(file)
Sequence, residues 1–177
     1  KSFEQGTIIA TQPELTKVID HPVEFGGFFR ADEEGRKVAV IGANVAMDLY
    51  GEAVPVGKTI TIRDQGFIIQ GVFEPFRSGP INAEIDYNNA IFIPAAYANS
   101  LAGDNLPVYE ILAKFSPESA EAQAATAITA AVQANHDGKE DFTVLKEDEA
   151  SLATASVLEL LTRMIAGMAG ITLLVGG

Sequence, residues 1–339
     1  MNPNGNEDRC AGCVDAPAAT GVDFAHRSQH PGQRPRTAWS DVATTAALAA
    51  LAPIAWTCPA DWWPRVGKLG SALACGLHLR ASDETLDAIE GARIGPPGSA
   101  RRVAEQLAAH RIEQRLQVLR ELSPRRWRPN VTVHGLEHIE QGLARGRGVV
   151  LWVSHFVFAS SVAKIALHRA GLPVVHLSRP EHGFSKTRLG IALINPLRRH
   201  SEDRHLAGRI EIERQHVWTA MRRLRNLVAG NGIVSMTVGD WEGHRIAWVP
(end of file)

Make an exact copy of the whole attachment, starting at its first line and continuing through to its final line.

Sequence, residues 1–177
     1  KSFEQGTIIA TQPELTKVID HPVEFGGFFR ADEEGRKVAV IGANVAMDLY
    51  GEAVPVGKTI TIRDQGFIIQ GVFEPFRSGP INAEIDYNNA IFIPAAYANS
   101  LAGDNLPVYE ILAKFSPESA EAQAATAITA AVQANHDGKE DFTVLKEDEA
   151  SLATASVLEL LTRMIAGMAG ITLLVGG

Sequence, residues 1–339
     1  MNPNGNEDRC AGCVDAPAAT GVDFAHRSQH PGQRPRTAWS DVATTAALAA
    51  LAPIAWTCPA DWWPRVGKLG SALACGLHLR ASDETLDAIE GARIGPPGSA
   101  RRVAEQLAAH RIEQRLQVLR ELSPRRWRPN VTVHGLEHIE QGLARGRGVV
   151  LWVSHFVFAS SVAKIALHRA GLPVVHLSRP EHGFSKTRLG IALINPLRRH
   201  SEDRHLAGRI EIERQHVWTA MRRLRNLVAG NGIVSMTVGD WEGHRIAWVP